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Ask Anna what operating system she is using. Ask her what Country/Region is set in iTunes. I suspect her native country. It is not worth changing this to China for the short duration of the event. Based on her OS, she can check the digital signature of the download. There are instructions online on how to do this based on her OS. If she remains concerned, don't do any updates while traveling.
Sept. 16
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@Fred. First: appreciate you buying and reading the book. You are one of the few to have the ability to have generated something similar.
Second: probably not the place or time; but thank you to BBO for donating approximately $100+K of software to the ACBLscore+ project. Saved everyone some time/money and made that product better. You gave it freely, no licensing fees, no royalty fees.

Answering Shawn's question
1. I did not know who Bill James is. I had to Google. I know now.
2. Shawn referred to Richard Pavlicek's work and to Boye's bridgecheaters.com site. I'll let Richard/Boye speak for themselves.
3. I looked at Richard's site, correct URL is http://www.rpbridge.net/9y82.htm
The data is for 2005-2014 and is sorted by average IMPs to par for partnerships.
Richard, with some comments and explanations, removed the data for the 2014 Rosenblum and all data with Italy v. a very weak team.

I can generate the same data that Richard has. So I did. I get similar, but slightly different, results. My results are probably different because I filter out some boards with incorrect BBO data. For example if the opening lead is not in the hand of the person that made it, there is a problem somewhere. I also included the Venice Cup and Seniors data. It was unclear if Richard included these or not.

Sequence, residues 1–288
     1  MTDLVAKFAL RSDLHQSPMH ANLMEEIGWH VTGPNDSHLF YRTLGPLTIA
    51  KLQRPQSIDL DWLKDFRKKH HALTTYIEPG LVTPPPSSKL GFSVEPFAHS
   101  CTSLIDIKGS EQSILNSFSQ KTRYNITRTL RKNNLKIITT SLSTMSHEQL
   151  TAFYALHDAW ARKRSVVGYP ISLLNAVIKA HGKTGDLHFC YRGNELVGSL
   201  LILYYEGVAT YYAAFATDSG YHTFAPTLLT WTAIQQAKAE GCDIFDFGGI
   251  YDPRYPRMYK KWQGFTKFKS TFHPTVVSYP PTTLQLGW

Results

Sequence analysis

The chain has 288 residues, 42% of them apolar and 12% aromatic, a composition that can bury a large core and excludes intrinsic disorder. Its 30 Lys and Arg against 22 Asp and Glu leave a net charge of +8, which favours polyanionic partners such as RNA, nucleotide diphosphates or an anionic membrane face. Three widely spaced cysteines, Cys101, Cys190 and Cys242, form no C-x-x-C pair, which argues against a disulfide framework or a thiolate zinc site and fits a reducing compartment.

To give an example: in Richard's list, Piekarek/Smirnov rank #34 on average IMPs to par.

I used the same input data as Richard (however I did not remove the Italy v. weak teams records). I had 48 pairs with 500+ boards. On my average IMPs to Par list, P/S ranked #42.

In my book, I also publish the average IMPs to Par. I take the top 100 pairs. Rank them. I didn't list the entire set of 100 players for space reasons. I did the data for Open, Seniors and Women.

Some of the first drafts of my book sent out for review listed all the players, including listing all the players names in all of the cheating detection functions (the data had been randomized, i.e. the set of names was correct, the set of values was correct, but in the very early draft copies the correspondence of the name to the value was random to avoid any issues). My lawyer had me remove the names. Just to be clear: before the book was published I did receive notice of a potential lawsuit. The printer version of the book has no randomization; it lists the correct names and data.

There are some tables, IMPs to Par, as an example, where I list the results with names and data. Similar to Richard's web site. However, I usually remove the names of players who are not known cheating pairs from the top 10 of these lists. The lawyer advised that this was best, but it was a gray area.

I did ask some top pairs if I could include their names in all data. Some said yes. In the end, I only used Kit Woolsey/Fred Stewart. They are listed by name in most tables, including the cheating detection ranked tables. There was at least one pair (from the top 100 pairs with the most data) that did not want their name listed. I honored this request for the tables that are cheating related. For tables which are not necessarily related to cheating, I listed their name along with the value for the table. I did not remove any data/names from the scatter plots. The scatter plots for me are the most obvious identification that there are cheating pairs that have not been caught.